The first six months of working as the Wales Coordinator for the UK and Ireland Seed Sovereignty Programme have had me travelling around the country meeting a wonderful mix of farmers and growers. I’ve been to brand new sustainable small holdings working under the ground-breaking Welsh planning law One Planet Development. I’ve hung out with turkeys on a Welsh small holding specialising in heritage livestock. I’ve eaten kale curry in the caravan of a Permaculture Market Garden. The common thread linking all these farms to our programme has been their desire to produce open pollinated seed and build a stronger movement of ecological seed producers.

One of the first things the growers told me is that despite knowing a great deal about land management and vegetable production, many of them didn’t have the skills to produce seed. The art of completing the growing cycle on farm by producing the seed for the next crop is somehow being lost, and the growers I was meeting wanted to change that.

I started by working with the inspirational seed company Real Seeds. Kate, Ben and their team have been producing high quality open pollinated seed for sale for over 20 years. Their passion for seed sovereignty has informed the way they run their business and has led them to encourage their customers to save their own seed. But what has been striking is the discovery that they cannot produce enough seed in their fields in Newport to satisfy demand. The Real Seeds shopping carts have overflowed numerous times as they process orders for a growing appetite for ecological seed.

With a strong market for Welsh grown seed and a burst of energy from growers keen to learn, my work has been centred on bringing these two worlds together. Following farm visits and lots of discussions, we held our first Seed Producers Training with Real Seeds. The barn was full to capacity with 22 growers learning about producing seed for sale and discussing the economic viability of seed production. We mapped the seed already being produced in Wales and discussed the future of this fledging new ‘hub’ of seed producers. This first training has been a catalyst for more trainings over the summer and closer mentoring for some growers as they begin producing seed on their farms.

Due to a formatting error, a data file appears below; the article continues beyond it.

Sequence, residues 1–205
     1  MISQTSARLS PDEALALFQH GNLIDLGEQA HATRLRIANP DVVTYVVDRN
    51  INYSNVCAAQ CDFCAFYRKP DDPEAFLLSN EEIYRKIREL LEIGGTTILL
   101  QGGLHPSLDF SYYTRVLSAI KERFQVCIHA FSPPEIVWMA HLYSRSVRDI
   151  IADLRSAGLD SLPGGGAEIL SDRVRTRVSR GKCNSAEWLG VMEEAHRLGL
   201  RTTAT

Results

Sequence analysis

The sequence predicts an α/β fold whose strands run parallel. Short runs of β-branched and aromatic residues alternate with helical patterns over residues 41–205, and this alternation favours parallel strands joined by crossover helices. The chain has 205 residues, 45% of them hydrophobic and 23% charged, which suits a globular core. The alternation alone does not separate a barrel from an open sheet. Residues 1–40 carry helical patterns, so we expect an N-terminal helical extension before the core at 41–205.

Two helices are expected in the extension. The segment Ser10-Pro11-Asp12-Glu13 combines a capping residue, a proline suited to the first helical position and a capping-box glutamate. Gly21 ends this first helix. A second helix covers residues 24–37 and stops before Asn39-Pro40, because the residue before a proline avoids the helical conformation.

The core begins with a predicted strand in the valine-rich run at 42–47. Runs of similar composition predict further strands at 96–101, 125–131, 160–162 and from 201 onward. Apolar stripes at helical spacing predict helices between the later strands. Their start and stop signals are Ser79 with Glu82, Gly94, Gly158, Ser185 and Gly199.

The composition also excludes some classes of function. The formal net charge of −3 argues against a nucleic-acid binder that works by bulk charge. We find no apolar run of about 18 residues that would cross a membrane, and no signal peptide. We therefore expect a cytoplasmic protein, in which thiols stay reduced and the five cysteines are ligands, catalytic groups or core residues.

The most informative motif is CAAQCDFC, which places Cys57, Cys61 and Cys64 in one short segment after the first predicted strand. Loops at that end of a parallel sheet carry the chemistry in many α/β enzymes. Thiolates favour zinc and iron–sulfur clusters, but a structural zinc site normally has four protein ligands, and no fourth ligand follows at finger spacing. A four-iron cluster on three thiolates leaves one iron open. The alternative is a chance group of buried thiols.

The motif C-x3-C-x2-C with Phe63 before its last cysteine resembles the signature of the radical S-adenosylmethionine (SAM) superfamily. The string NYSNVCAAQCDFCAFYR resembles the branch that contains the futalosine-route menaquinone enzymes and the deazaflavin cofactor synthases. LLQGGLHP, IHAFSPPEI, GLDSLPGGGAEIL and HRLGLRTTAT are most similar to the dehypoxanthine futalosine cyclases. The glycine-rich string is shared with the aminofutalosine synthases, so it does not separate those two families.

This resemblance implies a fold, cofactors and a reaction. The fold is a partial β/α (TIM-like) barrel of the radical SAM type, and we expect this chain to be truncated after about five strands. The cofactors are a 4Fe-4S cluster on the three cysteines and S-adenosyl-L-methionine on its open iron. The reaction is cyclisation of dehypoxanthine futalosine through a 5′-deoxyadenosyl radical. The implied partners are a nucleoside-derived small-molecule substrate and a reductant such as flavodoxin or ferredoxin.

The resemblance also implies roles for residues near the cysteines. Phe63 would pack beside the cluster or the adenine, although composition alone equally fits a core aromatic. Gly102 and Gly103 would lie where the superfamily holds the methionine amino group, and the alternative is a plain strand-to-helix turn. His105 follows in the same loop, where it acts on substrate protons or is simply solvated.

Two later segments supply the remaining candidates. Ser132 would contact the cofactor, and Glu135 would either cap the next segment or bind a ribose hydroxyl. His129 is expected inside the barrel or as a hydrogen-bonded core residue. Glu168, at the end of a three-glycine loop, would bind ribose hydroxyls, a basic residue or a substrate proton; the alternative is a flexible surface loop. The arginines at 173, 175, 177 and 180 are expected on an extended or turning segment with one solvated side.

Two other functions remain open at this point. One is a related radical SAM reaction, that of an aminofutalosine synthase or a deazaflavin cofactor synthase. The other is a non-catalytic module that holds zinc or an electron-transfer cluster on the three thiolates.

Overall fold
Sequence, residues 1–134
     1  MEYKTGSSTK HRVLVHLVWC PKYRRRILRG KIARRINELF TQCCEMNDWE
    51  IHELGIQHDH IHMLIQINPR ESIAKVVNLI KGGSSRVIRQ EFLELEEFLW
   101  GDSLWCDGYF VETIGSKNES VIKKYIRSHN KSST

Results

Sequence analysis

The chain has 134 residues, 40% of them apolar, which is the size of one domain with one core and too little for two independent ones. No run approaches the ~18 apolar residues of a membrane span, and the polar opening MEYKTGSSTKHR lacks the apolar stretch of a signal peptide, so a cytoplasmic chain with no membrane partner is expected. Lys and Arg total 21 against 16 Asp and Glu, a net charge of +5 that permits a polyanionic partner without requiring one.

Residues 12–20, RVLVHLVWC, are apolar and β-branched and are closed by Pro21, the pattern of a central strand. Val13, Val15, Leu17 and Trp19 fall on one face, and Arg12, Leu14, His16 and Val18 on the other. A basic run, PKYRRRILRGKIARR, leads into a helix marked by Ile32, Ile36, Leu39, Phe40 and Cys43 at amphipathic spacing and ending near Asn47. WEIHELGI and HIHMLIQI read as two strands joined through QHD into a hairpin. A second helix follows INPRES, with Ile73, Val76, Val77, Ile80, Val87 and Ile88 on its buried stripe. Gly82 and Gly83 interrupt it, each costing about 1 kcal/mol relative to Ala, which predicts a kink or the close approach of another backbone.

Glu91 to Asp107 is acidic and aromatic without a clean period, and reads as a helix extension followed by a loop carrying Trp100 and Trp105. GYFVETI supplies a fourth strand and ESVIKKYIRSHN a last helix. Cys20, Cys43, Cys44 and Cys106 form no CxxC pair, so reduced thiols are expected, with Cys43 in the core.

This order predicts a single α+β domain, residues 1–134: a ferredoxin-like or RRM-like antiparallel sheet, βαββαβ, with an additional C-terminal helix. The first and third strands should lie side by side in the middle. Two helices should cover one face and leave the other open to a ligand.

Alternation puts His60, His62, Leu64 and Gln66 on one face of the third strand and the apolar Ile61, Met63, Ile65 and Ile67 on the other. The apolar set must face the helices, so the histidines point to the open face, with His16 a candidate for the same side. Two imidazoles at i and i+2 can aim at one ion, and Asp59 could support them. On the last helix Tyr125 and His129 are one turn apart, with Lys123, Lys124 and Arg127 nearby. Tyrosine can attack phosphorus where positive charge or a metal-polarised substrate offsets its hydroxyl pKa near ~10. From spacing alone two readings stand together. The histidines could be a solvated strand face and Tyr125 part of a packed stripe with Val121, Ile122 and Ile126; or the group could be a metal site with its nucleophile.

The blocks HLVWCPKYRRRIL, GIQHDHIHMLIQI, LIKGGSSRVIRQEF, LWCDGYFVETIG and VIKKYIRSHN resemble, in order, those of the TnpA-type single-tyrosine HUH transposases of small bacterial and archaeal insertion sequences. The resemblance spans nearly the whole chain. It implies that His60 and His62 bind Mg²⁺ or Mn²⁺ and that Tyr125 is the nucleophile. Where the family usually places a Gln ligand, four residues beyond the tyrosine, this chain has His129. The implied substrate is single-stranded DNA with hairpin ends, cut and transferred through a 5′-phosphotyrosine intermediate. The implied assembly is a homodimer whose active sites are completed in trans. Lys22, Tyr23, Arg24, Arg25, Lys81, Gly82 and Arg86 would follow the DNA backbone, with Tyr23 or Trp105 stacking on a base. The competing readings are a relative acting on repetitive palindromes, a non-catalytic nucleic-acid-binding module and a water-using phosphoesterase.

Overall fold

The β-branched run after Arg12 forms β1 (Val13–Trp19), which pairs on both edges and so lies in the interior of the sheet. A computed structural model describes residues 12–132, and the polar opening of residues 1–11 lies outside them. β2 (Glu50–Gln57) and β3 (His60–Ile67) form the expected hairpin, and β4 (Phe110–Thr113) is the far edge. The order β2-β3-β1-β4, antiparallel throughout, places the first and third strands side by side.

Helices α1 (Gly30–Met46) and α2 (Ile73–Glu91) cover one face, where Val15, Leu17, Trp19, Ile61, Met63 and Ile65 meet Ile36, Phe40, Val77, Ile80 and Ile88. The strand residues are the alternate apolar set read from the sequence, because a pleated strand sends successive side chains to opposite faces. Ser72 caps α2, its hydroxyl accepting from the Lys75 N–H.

My first six months with the Seed Sovereignty Programme have also seen me jump head first into the world of Welsh ‘heritage’ grains. Sitting at the wooden table tops of the Bara Menyn Bakery in Cardigan, I met grain producers from the Welsh Grain Forum to talk about how I could work with them to increase the growing of heritage grains in Wales while also finding new markets by promoting their use. The forum works holistically, with growers, millers and bakers looking to the entire supply chain. Of particular importance is the low seed stocks of some of the older wheat varieties falling out of production. An example is the Welsh land race wheat Hen Gymro, which was grown out by grain expert Andy Forbes in 2011 from very limited genebank stocks. This land race wheat has now been entrusted to the collective control of the Welsh Grain Forum who are in the process of getting Hen Gymro listed for cultivation under “conservation status”.

Meeting farmers who were telling me of their lack of seed stocks of many rarer grains led me to start mapping where these grains are and looking at how to get them grown by more people to ensure their long term existence. We are now mapping Black Oats and other rare grains.

The next steps with Welsh grain are to work together across networks to look at how to overcome barriers to large scale farming of grains such as the need for machinery and storage space. No problem is insurmountable and ideas are already forming for shared equipment and networks of contractors who can undertake some stages of production on farms without the equipment. We even have some small scale growers interested in harvesting grain by hand using sickles and looking at the varieties best suited to this.

When looking at promoting diversity in the Welsh landscape, I have been having some inspiring conversations about historical land records which show fields of oats, barley, spelt and long stalk wheat across Wales.  I have spoken to researchers at IBERS plant breeding centre who working on new oat varieties and promoting bringing oats back into wider cultivation in the Welsh fields. I have also connected with an inspiring new entrant to grain growing who is conducting his own trials on pasture sown spelt and the potential to bring spelt into rotation with that classic Welsh crop, the sheep.

Moving forward we are looking to run grain events in the autumn and winter. We are connecting with farmers interesting in trialling grains, focusing on things like which grains grow well on a small scale as well as which grains perform better when grown organically.

To find out more and get involved contact me on, fb: Welsh Seed Sovereignty, tweet: @WalesSeedSov

Real Seeds:

Welsh Grain Forum: